BORN TO THE WILD Nature-versus-nurture arguments can run all day, but which ever side prevails, there’s no doubt that Alisha Rosenbruch-Decker came by her outdoor ability from the very start. At an age when most teens are eagerly awaiting their first driver’s license, Alisha had something more ambitious in mind. In Alaska you have to be 18 to obtain an assistant guide’s license, which she did as soon as the calendar allowed. After the mandatory two-year period as an assistant, she met the state’s stringent standards as a registered guide herself. When she married three years ago, she and her husband reversed the traditional order of entry many married guide teams follow. He had no prior experience as a professional outdoorsman, but now he works as an assistant guide aboard the family’s 85-foot vessel, Alaska Grandeur. Growing up along Alaska’s coast provided Alisha with an exceptional introduction to the skills needed in this challenging environment. In addition to her qualifications as a guide, she’s licensed to operate 100-ton vessels. When she decided she wasn’t satisfied with the taxidermy on some of her personal trophies, she mastered that skill as well. Based out of Gustavus, Alaska, Glacier Guides remains a family affair. At any given time Alisha’s mother, father, husband or brothers might be aboard the Alaska Grandeur with her. Her busy season begins in late April, with bear hunts scheduled through May. In August, she sometimes leaves the area to guide a sheep hunt in the mountains west of Anchorage at the request of a repeat client. September and October mean fall bear hunts. And once snow begins to push game out of the high country, she guides hunters along the coast for mountain goats and blacktail deer. How she finds time to do any taxidermy remains a mystery. While she’s hunted just about everything in Alaska, she admits a long-standing fascination with brown bears. She uses the adjective “magnificent” repeatedly as she describes a lifetime of experience hunting the fearsome animals. A successful client- who happened to be a woman- once asked Alisha to photograph her posed with a foot on top of the fallen bear’s back. Alisha flatly refused: The request conveyed insufficient respect for the animal. Her own quest for an exceptional brown bear turned into an epic. “I had been hunting bears for nine years and had turned down close to two hundred of them,” she says. “I had one day to hunt this spring and went out and saw three bears. Two were over nine feet and I couldn’t believe I was turning them down. I started to wonder if I really didn’t want to take one. I have such awe and respect for them that I almost felt I wasn’t worthy.” But later, while hunting with her dad, her bear- the only bear she says she’ll ever take- appeared. The ancient boar squared 10 feet 4 inches, a remarkable specimen even by Kodiak Island standards. Quite possibly, no one has ever killed a larger bear in southeastern Alaska. “For as long as I can remember, brown bears represented the wilderness where I grew up. Killing one is always an intense spiritual experience for me, even when a client pulls the trigger,” she says. After three years of marriage, Alisha says she is starting to think- think, mind you- about children. But she has no intention of neglecting her outdoor career, and achieving a balance between guiding and parenting represents an obvious challenge. Of course, she’s seen it done right before. “When the time comes,” she reports, “I’d like to be able to raise kids the way my parents raised me.” Contact: Alisha Rosenbruch-Decker, 435-628-0973; Glacier Guides, P.O. Box 460, Santa Clara, UT 84765. Outdoor Life Online Editor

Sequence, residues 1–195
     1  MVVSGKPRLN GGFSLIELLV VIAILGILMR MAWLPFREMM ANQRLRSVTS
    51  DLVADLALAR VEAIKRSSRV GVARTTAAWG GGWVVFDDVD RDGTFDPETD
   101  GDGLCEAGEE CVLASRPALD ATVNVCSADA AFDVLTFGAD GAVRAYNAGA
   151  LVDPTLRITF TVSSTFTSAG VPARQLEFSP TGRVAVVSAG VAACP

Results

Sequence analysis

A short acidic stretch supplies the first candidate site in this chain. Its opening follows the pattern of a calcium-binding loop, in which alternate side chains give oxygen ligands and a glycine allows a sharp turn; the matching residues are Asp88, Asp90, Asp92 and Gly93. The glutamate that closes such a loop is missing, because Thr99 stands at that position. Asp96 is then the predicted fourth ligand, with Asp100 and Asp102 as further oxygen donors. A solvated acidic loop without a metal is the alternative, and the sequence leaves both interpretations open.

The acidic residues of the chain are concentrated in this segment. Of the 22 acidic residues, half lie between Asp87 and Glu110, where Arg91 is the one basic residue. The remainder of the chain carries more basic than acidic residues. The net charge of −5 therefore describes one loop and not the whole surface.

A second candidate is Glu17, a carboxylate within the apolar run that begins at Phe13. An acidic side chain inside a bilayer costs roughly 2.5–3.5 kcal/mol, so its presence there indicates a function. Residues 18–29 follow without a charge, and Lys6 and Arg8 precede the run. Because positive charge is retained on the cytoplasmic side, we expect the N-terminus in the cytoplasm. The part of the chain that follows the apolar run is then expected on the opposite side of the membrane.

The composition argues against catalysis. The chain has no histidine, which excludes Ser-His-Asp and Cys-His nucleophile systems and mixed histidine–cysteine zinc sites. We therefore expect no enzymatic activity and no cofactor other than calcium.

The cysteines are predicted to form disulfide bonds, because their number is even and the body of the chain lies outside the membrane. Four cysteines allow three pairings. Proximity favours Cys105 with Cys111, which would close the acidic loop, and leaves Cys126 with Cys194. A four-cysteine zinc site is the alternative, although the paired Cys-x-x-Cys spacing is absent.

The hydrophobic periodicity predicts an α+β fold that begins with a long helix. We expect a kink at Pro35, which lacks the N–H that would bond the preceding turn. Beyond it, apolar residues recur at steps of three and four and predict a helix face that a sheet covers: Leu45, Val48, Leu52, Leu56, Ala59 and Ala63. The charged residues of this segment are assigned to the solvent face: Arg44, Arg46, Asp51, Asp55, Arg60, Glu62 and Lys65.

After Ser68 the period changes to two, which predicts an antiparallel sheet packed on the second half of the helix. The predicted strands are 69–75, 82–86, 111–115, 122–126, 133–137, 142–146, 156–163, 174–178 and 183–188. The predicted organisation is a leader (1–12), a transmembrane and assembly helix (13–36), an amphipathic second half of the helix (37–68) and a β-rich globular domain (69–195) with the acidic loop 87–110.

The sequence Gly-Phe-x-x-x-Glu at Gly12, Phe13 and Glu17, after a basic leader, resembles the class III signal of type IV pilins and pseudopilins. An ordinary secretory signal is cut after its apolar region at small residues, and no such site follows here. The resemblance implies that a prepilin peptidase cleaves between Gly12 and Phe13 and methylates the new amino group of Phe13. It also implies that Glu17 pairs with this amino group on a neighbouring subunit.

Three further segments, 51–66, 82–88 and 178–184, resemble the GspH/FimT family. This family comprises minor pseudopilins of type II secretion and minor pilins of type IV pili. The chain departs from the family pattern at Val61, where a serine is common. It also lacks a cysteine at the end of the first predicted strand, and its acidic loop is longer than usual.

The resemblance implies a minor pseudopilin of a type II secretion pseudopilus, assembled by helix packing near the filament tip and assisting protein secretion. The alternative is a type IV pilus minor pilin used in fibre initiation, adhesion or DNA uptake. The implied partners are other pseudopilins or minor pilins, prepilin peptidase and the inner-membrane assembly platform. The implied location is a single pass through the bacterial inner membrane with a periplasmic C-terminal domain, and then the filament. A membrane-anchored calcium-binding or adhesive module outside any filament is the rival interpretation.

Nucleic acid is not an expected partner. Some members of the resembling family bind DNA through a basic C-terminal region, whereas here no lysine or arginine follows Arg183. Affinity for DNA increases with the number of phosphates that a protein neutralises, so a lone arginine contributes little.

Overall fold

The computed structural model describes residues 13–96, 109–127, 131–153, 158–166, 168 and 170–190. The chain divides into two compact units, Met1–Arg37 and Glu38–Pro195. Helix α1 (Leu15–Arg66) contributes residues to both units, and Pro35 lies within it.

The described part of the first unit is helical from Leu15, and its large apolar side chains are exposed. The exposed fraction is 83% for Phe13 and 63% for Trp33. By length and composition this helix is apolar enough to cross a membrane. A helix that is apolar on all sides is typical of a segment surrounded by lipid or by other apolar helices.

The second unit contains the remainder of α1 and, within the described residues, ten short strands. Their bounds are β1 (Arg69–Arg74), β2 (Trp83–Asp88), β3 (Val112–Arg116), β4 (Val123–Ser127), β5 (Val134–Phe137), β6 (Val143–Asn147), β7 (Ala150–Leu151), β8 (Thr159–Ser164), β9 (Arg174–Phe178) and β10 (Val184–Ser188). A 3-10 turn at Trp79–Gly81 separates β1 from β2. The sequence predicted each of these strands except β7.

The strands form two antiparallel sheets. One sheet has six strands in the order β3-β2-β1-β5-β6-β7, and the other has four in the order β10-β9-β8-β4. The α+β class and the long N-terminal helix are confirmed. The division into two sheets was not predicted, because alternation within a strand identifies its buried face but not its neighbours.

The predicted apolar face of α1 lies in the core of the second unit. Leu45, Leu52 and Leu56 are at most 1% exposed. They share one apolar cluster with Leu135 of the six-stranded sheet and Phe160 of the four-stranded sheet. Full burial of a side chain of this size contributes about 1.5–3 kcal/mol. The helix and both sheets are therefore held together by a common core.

LADY OF THE LAKES Maine’s storied Rangeley Lakes region has lent its name to several classic fly patterns and a double-ended watercraft uniquely designed to position anglers in front of fish. For the past 18 years, Maine native Bonnie Holding has steadily earned a reputation as one of the area’s best guides, introducing a long string of clients to her favorite game fish: brook trout and landlocked salmon. Bonnie’s many friends instantly recognize her at a distance by her trademark braid of strawberry blonde hair, a memento of the days when her brothers teasingly dubbed her “The Ugly Redhead.” She admits that she had little exposure to the outdoors growing up. That all changed when she met her husband, Blaine, now one of Maine’s most experienced game wardens, 28 years ago. The two learned to flyfish together. Bonnie went on to become the first woman employed in L.L. Bean’s outdoors department, where she honed her casting skills under the direction of renowned angler Dave Whitlock. Soon, she was giving casting clinics herself. Maine’s rigidly structured system for licensing guides is similar to Alaska’s. Bonnie, now 48, has held the highest rating of Master Guide for 18 years. Along the way, she’s learned to temper her natural competitiveness and desire to catch fish and has become a better guide in the process. “It’s not always about the fishing,” she says. “Just being out there and seeing the moose and deer is the main thing for most people- the fish are secondary. I’ve also learned never to promise anybody a fish. I’ll promise them a good time, just not a fish. Some people couldn’t catch their own rear end with a hook; others are so good that it makes me wonder why I’m even guiding them.” Alone among our subjects, Bonnie can’t remember facing skepticism from male clients. She credits her good fortune to growing up with four brothers, an experience that taught her a lot about dealing with men. Despite her many achievements in the field, Bonnie considers her involvement with Casting for Recovery her most satisfying accomplishment. This national program ( www.castingforrecovery.org) allows women recovering from breast cancer to meet in a remote setting and learn about flyfishing. Teaching participants to cast, Bonnie admits to a special satisfaction when she identifies the one or two attendees at every session who obviously plan to make angling a lasting part of their lives. “It’s such an incredible program,” Bonnie explains. “The sporting camps in Maine have been tremendous. Very few of them have charged anything for hosting us.” Her own commitment began after she gave a brief casting clinic during her first retreat. “As we finished,” she recalls, “I noticed one of the women in tears. When I approached her, she explained that she’d been preoccupied with chemotherapy and radiation for months, but for the last twenty minutes she hadn’t thought about anything but her fly line! When I realized how much that meant to her, it reminded me that I had an obligation to give what I could.” Contact: Bonnie Holding, 207-246-4102; Edge of Maine Fly Fishing, PO Box 377, Coplin Plantation, ME 04982. Outdoor Life Online Editor